Using Information and Communication Technologies to Address Air Pollution in Colombia
Chronic severe air pollution in Bogotá, Colombia has serious human health impacts. Using information and communication technologies (ICTs) to disseminate information about air quality may enable citizens to reduce their exposure to air pollution by, for example, avoiding outdoor exercise on certain days an in certain locations, and may also help change their environmental attitudes and policy preferences. To investigate these linkages, researchers from Inter-American Development Bank have partnered with IPA and the Rosario Experimental and Behavioral Economics Lab to evaluate the impact on avoidance behaviors, environmental attitudes and policy preferences of air quality information disseminated through a smartphone application called AIRE BOGOTÁ.
More than half of the population of Latin American and the Caribbean lives in places where air quality does not meet the standards recommended by the World Health Organization (WHO).1 Poor air quality has been causally linked to premature mortality, loss of income for poor households, and poor educational outcomes.2
Previous studies have shown that air quality alerts can lead people to reduce their exposure to air pollution, particularly those suffering from chronic illnesses or otherwise vulnerable to increased air pollution.3 These studies have investigated the effects of air quality alerts delivered through radio, newspaper, and public media on health outcomes and avoidance behavior. However, less evidence exists about alerts delivered through interactive digital media platforms that can be personalized. Also prior studies have typically focused only on avoidance behaviors that are easy to observe in public, such as attendance at outdoor events.
This evaluation aims to provide evidence needed to design, administer, and implement information-oriented air pollution and climate change policies in Colombia by evaluating the effects of distributing accurate, real-time, salient air pollution information via a smartphone application.
Context of the Evaluation
In Colombia, the annual median concentration of particulate matter in urban areas (PM2.5), a particularly dangerous type of air pollution, is 17 ug/m3—higher than the World Health Organization’s guideline levels of 10 ug/m3.4
This study evaluates the effects of AIRE BOGOTÁ, a smartphone application developed by the Secretary of Environment (Secretaría de Ambiente) in Bogotá to disseminate air quality information. Developed alongside a website and other investments in air quality data collection and dissemination, this application aims to increase the salience of air quality information with personalized and interactive tools. Participants in the evaluation include undergraduate and graduate students from universities in Bogotá.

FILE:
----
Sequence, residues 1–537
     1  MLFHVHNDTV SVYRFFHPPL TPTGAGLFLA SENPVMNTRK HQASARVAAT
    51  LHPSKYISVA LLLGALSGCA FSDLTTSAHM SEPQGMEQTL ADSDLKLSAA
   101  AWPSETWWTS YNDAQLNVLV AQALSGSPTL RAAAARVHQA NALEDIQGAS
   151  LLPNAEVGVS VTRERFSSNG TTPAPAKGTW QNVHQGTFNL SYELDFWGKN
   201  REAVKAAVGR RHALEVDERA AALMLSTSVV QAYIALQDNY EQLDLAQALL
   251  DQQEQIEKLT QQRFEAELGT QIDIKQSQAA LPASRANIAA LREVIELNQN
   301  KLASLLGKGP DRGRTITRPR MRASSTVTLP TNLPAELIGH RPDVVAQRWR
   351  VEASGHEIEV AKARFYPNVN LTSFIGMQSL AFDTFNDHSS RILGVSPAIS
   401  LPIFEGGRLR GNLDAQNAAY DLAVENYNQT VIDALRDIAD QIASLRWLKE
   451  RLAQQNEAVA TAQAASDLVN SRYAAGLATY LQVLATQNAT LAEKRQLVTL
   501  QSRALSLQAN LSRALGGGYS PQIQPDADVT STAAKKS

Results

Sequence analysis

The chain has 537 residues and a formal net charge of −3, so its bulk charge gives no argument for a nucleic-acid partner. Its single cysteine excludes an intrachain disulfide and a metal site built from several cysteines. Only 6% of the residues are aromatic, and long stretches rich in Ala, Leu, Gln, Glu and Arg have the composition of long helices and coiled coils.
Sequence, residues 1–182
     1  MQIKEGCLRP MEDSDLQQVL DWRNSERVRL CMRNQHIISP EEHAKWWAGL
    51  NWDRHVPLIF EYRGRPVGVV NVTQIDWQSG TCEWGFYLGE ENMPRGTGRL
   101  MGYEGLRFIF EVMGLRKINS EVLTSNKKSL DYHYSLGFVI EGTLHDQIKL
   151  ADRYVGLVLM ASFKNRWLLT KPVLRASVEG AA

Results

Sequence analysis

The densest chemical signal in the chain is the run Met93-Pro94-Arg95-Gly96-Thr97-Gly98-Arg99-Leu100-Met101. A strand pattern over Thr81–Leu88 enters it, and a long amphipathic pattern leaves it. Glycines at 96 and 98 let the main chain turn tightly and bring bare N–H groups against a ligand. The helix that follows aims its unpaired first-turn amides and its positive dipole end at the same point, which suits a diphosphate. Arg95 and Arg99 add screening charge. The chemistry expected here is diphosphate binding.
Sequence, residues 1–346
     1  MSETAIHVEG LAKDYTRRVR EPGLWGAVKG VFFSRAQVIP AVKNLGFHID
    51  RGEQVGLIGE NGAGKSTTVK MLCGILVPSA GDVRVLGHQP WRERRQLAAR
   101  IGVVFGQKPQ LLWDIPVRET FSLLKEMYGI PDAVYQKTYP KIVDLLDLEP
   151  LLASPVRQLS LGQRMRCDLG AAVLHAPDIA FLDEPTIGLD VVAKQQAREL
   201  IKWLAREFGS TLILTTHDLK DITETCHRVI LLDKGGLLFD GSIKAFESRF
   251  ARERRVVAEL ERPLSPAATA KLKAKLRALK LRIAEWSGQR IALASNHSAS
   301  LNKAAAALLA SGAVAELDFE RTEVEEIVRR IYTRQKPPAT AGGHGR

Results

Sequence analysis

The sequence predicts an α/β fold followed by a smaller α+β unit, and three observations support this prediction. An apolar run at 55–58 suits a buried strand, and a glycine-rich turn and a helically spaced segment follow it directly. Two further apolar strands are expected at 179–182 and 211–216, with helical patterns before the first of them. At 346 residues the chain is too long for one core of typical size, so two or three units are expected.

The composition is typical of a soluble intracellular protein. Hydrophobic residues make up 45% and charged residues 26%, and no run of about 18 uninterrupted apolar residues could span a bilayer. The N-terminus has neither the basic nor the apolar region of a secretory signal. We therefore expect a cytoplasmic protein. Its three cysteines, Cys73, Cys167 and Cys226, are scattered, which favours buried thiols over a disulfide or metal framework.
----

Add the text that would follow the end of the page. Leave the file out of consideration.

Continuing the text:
Details of the Intervention
Approximately 650 students participated in the study. Participants were randomly assigned at the lab session-level to either an intervention group or a comparison group. Those in the intervention group attend an information session focused on air pollution in Bogotá, avoidance behavior recommended by the City Government, and suggestions for using air pollution information for better decision-making. They were also encouraged to download and engage with the AIRE BOGOTÁ application.5 In addition, participants assigned to the intervention group received an incentive structure for regular interaction with the application. Specifically, they received weekly emails asking them questions about air quality levels at a specific time and a specific geographic location—information displayed in AIRE BOGOTÁ. They could submit answers via SurveyCTO links included in the emails. Monetary incentives were provided for correct answers to questions. The comparison group, meanwhile, received a placebo information session and encouragement structure related to art history.
Data was collected between the third week of January 2020 and the last week of June 2020. An initial survey was administered during the information sessions in REBEL, with follow-up survey sessions administered remotely two months later and with the email campaign administered between the baseline and endline. Researchers measured changes in avoidance behaviors, physical activity, health, air quality knowledge, environmental behaviors and attitudes, and policy preferences. After the follow-up survey, four focus groups of three participants each were held to elicit feedback about AIRE BOGOTÁ.
Results and Policy Lessons
Project ongoing; results forthcoming.
2 (Arceo, Hanna, and Oliva, 2016; Hanna and Oliva, 2014; Miller and Ruiz-Tagle, 2015; Miller and Vela, 2013).
3 Matthew Neidell, “Information, Avoidance Behavior, and Health: The Effect of Ozone on Asthma Hospitalizations.” The Journal of Human Resources, Vol. 44(2) (2009): 450-478.